The following operations are performed on a binary search tree...

1. Search

2. Insertion

3. Deletion

1) Search operation

Binary search trees are called “search trees” because they make searching for a certain value more efficient than in an unordered tree. In an ideal binary search tree, we do not have to visit every node when searching for a particular value.

Here is how we search in a binary search tree:

- Read the search element from the user.
- Compare the search element with the value of root node in the tree.
- If both are matched, then display "Given node is found!!!" and terminate the function
- If both are not matched, then check whether search element is smaller or larger than that node value.
- If search element is smaller, then continue the search process in left subtree.
- If search element is larger, then continue the search process in right subtree.
- Repeat the same until we find the exact element or until the search element is compared with the leaf node
- If we reach to the node having the value equal to the search value then display "Element is found" and terminate the function.
- If we reach to the leaf node and if it is also not matched with the search element, then display "Element is not found" and terminate the function.

2) Inserting

New nodes in a binary search tree are always added at a leaf position. Performing a search can easily find the position for a new node.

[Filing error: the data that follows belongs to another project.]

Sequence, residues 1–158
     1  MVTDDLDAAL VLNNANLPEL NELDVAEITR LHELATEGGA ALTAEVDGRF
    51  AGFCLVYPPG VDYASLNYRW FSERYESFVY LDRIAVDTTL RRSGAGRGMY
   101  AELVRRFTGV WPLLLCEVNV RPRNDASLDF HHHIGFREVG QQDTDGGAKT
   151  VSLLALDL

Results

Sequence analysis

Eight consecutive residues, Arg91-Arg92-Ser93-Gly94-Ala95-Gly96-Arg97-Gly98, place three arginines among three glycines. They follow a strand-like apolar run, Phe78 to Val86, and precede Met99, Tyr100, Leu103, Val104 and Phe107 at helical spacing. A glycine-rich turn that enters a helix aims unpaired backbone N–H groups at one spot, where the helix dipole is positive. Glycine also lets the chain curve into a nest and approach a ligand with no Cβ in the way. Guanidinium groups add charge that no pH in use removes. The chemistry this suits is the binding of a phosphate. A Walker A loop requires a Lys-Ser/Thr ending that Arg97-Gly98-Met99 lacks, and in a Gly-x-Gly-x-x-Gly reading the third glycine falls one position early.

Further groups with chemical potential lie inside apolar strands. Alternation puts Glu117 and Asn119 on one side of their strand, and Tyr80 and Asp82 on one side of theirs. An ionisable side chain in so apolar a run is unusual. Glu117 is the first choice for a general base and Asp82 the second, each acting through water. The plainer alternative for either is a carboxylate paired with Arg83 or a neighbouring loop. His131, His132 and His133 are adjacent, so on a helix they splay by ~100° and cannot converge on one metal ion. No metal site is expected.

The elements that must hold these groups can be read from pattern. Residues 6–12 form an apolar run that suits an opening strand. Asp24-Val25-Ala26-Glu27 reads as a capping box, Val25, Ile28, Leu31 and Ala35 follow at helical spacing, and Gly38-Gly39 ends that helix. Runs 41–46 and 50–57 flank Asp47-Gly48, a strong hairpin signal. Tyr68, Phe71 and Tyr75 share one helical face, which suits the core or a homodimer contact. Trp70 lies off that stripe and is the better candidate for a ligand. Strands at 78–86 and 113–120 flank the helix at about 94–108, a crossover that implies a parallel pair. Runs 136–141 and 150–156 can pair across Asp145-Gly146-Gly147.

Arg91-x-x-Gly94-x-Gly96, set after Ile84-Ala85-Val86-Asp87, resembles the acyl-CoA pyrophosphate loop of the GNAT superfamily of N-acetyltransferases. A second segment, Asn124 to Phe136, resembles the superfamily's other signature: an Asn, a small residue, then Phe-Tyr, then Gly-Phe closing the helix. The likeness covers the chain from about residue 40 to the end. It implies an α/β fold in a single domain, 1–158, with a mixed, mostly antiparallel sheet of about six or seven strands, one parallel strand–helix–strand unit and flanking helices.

3) Deleting

When removing from a binary search tree, we are concerned with keeping the rest of the tree in the correct order. This means removing is different depending on whether the node we are removing has children. There are three cases:

Case (1): If the node being removed is a leaf, it can simply be deleted.

It is a simple case, of a node to be deleted has no children then just traverse to that node, keep track of the parent node and decide in which side the node exist ( left or right) and set parent.left=NULL or parent.right=NULL.

Case (2): Node to be deleted has only one child

If the node has a single child, (left or right) we must move the child into the position of the node when deleting it.

Case (3): Node to be deleted has two children

If the node has two children, we must first find the In-Order Predecessor (IOP): the largest node in our node’s left subtree. The IOP is always a leaf node, and can be found by starting at the left subtree’s root and moving right. We can then swap the node being removed with its IOP and delete it, as it is now a leaf. One can also swap the root with In-Order Successor(IOS)

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